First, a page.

There may not be a common hero, setting, or mythology that defines the Far Cry series, but the franchise has become known for one feature in recent years: its villains. What seemed like a one-off with Far Cry 3 became a sign of what was to come when Far Cry 4 was revealed by putting the spotlight squarely on Pagan Min, the game’s main antagonist. But according to the game’s creative team, past entries in the series might not have painted him as a villain – in fact, he might have been a hero.
To date, the team at Ubisoft Montreal tasked with Far Cry 4 have been surprisingly candid about the strengths and weaknesses of previous games. The claim has been made that Far Cry 4‘s story will turn Far Cry 3‘s on its head, positioning the player as a native returning to a region in upheaval, instead of an outsider leading a people to freedom.
When we got the recent opportunity to discuss that topic with narrative director Mark Thompson, he went a step even farther, saying that the idea of a “white savior” in Far Cry 3 was something the studio should, and would address.
There’s no denying that Pagan Min – a Hong Kong national who has overtaken the country of Kyrat by force – is a different breed of insane from previous villains. But Thompson offered a new insight, explaining that Pagan Min’s bloody quest for power doesn’t just make him dangerous – in the past, it could’ve made him a Far Cry protagonist:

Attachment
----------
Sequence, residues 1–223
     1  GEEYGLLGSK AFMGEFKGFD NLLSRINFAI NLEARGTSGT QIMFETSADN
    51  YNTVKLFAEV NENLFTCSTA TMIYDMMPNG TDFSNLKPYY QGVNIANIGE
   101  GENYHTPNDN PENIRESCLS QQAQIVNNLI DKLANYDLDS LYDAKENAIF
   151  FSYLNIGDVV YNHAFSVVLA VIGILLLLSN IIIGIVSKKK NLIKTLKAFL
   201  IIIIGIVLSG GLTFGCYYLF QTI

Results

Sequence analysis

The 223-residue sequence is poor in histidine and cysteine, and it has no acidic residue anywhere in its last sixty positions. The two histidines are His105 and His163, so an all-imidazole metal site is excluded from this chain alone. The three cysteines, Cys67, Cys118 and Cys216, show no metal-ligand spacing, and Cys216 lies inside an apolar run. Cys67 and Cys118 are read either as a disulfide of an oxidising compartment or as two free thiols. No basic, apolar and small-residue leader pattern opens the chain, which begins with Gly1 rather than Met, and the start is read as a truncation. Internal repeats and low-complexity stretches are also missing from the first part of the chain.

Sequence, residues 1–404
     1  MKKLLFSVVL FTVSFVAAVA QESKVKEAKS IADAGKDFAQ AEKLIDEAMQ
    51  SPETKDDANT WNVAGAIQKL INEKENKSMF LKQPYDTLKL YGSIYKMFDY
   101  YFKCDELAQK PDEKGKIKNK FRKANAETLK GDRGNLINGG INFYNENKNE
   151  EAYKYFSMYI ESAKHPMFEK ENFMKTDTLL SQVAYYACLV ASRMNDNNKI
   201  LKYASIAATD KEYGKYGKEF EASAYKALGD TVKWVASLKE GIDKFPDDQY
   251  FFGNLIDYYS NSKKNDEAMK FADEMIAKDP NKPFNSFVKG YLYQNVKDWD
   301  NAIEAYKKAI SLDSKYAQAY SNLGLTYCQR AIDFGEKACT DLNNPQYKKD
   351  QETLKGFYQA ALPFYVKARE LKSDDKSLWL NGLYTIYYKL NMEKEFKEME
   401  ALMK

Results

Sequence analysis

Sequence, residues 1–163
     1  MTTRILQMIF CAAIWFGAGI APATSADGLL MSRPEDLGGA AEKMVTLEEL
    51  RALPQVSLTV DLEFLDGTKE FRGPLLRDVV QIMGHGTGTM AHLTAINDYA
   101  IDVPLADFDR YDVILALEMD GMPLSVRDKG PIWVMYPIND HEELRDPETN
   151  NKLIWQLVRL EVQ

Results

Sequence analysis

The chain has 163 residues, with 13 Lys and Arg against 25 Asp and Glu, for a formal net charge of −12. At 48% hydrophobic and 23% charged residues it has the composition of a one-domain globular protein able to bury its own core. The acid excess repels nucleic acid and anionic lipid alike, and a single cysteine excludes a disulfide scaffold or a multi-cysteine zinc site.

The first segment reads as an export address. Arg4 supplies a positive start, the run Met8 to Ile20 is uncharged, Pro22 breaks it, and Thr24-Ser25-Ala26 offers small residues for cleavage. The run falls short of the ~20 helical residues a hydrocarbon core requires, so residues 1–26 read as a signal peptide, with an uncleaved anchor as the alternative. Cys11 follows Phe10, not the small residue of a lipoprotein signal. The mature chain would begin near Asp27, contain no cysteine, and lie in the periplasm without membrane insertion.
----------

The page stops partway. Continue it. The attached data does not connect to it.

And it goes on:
“Pagan Min is the antagonist, but he could almost have been the protagonist of a different Far Cry story. He was the guy who came in from the outside and invaded, captured the imagination of a part of the population – because it was still a civil war – he came with his own guys from Hong Kong, but he did romance the minds of a certain group of people.
“And then he took over. He captured the outposts. He took the towers. He captured the landscape. The overall story of the game is about Ajay returning to Kyrat, his homeland, and there’s a tiny kind of rebellion simmering away in the corner. But the whole land has been taken from them by Pagan Min and his self-appointed ‘royal’ army. So the backstory is made up of the systems of the game world.”
Besides keeping a consistent definition of power or ‘conquering’ tied to the actual gameplay systems governing Kyrat, Thompson went on to explain that it’s not just the world of Far Cry 4 that Pagan Min could have conquered through those same means. In no uncertain terms, he follows the same path that many felt Far Cry 3‘s protagonist took himself:
“We know that when people play the game, inevitably, they’re going to take towers, they’re going to take back the outposts. It’s about capturing the landscape piece by piece. So I wanted to make sure that the overall narrative was about the same thing.”
“Some people said at the end of Far Cry 3 they said they felt like the bad guy… It’s a fun wink at the premise of Far Cry 3, and the story of Jason and some people’s reaction to it.”
Even if it’s just a playful wink, Thompson’s comments prove that the developers didn’t just hear the criticism that some players had of Far Cry 3‘s hero; they may have thought those critics had a point. Luckily, even those players who took no issue with Jason’s methods can benefit, having a rock-solid understanding of how an outsider can bring a country to its knees. And the path to toppling him is simply completing the same tasks over again (it’s lonely at the top, as they say).
What do you think of this new perspective on Pagan Min? Does it seem like the kind of inside joke or self-aware step forward in storytelling that fans will appreciate? Sound off in the comments.
Far Cry 4 will be available for PC, Xbox 360, Xbox One, PS3 and PS4 on November 18, 2014.
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